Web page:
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In vim we have 4 modes in order to deal with regexes:

  • very non magic mode, manually specified with \V
  • non magic mode, manually specified with \M
  • magic mode, manually specified with \m default setting
  • very magic mode, manually specified with \v

In order to better understand how it works, I will put a piece of documentation easily accessible with :help /magic.

after:    \v       \m       \M       \V     matches
                'magic' 'nomagic'
          $        $        $        \$    matches end-of-line
          .        .        \.       \.    matches any character
          *        *        \*       \*    any number of the previous atom
          ()      \(\)     \(\)     \(\)   grouping into an atom
          |        \|       \|       \|    separating alternatives
          \a       \a       \a       \a    alphabetic character
          \\       \\       \\       \\    literal backslash
          \.       \.       .        .     literal dot
          \{       {        {        {     literal '{'
          a        a        a        a     literal 'a'

notice that only Vim supports \m, \M, \v and \V.

It is recommended to always keep the 'magic' option at the default setting, which is 'magic'. This avoids portability problems. To make a pattern immune to the 'magic' option being set or not, put "\m" or "\M" at the start of the pattern.

Se vogliamo quindi utilizzare una versione simile alle POSIX Extended Regular Expressions (ERE) basta utilizzare la sequenza \v. Esempio:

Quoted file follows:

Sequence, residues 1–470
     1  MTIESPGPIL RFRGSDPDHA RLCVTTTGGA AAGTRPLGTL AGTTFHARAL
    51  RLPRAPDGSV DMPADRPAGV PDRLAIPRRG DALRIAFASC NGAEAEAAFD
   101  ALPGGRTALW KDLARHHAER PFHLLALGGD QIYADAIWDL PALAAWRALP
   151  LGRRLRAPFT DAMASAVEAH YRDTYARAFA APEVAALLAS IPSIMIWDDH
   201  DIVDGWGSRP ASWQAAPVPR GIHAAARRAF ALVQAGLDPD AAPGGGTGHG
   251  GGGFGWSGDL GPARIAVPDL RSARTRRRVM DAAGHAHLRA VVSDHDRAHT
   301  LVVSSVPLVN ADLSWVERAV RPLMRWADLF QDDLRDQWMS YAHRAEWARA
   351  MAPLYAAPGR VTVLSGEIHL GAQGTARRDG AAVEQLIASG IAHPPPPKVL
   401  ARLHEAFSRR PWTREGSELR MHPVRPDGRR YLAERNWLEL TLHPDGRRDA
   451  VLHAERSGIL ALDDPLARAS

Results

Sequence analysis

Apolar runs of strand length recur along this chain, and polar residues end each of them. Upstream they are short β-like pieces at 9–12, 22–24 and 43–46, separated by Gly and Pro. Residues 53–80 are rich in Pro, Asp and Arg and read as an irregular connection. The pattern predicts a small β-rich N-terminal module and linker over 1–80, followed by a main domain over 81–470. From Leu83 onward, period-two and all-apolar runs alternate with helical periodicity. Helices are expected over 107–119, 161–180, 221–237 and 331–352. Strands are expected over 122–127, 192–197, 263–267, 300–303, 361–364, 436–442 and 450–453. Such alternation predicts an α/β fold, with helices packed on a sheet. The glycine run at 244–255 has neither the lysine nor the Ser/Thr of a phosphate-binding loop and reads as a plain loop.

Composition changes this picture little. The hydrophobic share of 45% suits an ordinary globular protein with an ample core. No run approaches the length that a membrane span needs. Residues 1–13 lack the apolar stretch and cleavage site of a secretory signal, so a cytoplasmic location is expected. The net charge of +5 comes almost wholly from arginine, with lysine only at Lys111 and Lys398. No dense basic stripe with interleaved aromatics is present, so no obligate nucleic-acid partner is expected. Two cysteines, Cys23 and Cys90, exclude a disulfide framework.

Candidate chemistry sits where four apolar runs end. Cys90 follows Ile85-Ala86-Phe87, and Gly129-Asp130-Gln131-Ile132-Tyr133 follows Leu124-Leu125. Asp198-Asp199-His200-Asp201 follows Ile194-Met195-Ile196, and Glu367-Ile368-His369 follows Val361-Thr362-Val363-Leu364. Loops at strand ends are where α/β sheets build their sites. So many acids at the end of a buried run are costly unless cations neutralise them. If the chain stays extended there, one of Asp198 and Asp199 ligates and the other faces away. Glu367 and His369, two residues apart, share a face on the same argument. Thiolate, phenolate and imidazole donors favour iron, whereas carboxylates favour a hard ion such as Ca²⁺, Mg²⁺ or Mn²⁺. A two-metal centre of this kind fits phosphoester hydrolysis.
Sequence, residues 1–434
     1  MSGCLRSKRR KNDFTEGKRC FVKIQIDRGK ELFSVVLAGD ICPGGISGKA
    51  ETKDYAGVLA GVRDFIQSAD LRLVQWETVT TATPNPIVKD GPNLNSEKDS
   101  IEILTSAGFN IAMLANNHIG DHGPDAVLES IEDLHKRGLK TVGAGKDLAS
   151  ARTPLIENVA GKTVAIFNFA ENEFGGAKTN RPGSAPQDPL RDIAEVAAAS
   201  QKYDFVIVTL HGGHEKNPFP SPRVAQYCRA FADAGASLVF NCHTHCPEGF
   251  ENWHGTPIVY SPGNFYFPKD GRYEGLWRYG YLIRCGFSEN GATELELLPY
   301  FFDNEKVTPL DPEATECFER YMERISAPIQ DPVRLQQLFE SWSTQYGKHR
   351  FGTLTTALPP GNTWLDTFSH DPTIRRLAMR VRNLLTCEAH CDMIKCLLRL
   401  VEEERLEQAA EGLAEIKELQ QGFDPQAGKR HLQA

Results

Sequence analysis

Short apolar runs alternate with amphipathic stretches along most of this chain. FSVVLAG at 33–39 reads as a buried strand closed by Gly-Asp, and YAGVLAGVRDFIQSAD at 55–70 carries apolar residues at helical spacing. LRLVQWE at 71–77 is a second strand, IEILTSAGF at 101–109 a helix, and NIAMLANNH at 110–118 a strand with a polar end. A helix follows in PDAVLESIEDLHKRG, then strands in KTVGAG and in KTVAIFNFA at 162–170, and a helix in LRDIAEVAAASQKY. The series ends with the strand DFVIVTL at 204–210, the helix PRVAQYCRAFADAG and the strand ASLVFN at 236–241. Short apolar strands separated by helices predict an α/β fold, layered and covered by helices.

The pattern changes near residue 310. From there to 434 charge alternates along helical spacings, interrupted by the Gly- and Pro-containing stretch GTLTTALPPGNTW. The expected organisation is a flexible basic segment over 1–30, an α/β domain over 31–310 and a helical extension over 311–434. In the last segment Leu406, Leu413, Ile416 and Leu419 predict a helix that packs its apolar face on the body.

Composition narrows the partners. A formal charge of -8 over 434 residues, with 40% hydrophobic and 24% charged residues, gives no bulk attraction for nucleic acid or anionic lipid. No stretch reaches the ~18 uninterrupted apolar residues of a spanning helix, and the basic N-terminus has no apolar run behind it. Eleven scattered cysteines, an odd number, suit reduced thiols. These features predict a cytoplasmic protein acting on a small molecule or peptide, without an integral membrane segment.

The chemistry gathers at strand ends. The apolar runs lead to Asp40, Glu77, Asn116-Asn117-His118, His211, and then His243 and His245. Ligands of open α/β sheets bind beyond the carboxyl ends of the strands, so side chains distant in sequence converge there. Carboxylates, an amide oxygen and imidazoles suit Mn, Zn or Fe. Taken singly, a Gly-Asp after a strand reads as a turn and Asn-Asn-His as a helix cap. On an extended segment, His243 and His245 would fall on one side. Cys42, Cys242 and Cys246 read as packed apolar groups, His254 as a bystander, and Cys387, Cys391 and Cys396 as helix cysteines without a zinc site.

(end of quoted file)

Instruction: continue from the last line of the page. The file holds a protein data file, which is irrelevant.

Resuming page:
• \v(test.*)

Regular expressions in scripts should always specify one of \v, \m, \M, or \V, to make them immune to the user's 'magic' setting.

The :substitute command has the :smagic and :snomagic alternate forms (the same as \m and \M), so you can search and replace with %sno/regex/new_text/g. Alternatively, you might find it helpful to refine your regular expression by searching with /\v first, then you can insert your regular expression by typing:


Remember that the Ctrl-r combination in insert mode allows us to insert the content of a register and the register / contains the last searched string.

Notice that many times we will use the very magic mode \v in order to have a behaviour similar to POSIX Extended Regular Expressions (ERE) or egrep, or the very non magic mode \V to have a behaviour similar to fgrep, with the ability to use regex capabilities only by escaping every character.

  • /regex/{n} Makes the motion go to the nth line below the match, or above if n is negative. It also has the side effect of making the motion linewise. So you want to delete to the first line matching regex and include that line, you can do d/regex//0.

Let's see some examples of useful regexes.

When working with files organized in columns or tables, it's generally a good idea to use anchors, let's see an example:

If we have a three columns file like this:

0-1 1188 1.00
1-2 883 0.70
2-3 4674 3.90
3-4 4220 3.50
4-5 25998 21.90
5-6 22924 19.30
6-7 16193 13.60
7-8 26463 22.20
8-9 527 0.40
9-10 15876 13.30

We can substitute everything by just the second column like this:


We can also move columns around by doing something like:

:%s/^\(\S\+\)\s\+\(\S\+\)\s\+.*/\2 \1/g

Another trick, is when we want to join more lines with a specific character, this indeed can be done by selecting all the block we want to join except the last line of the block and then press:

"in this case we join the lines with a +

Or another trick is to just select all the lines of the block and press "J" in order to join them on space, and then substitute the space with another character.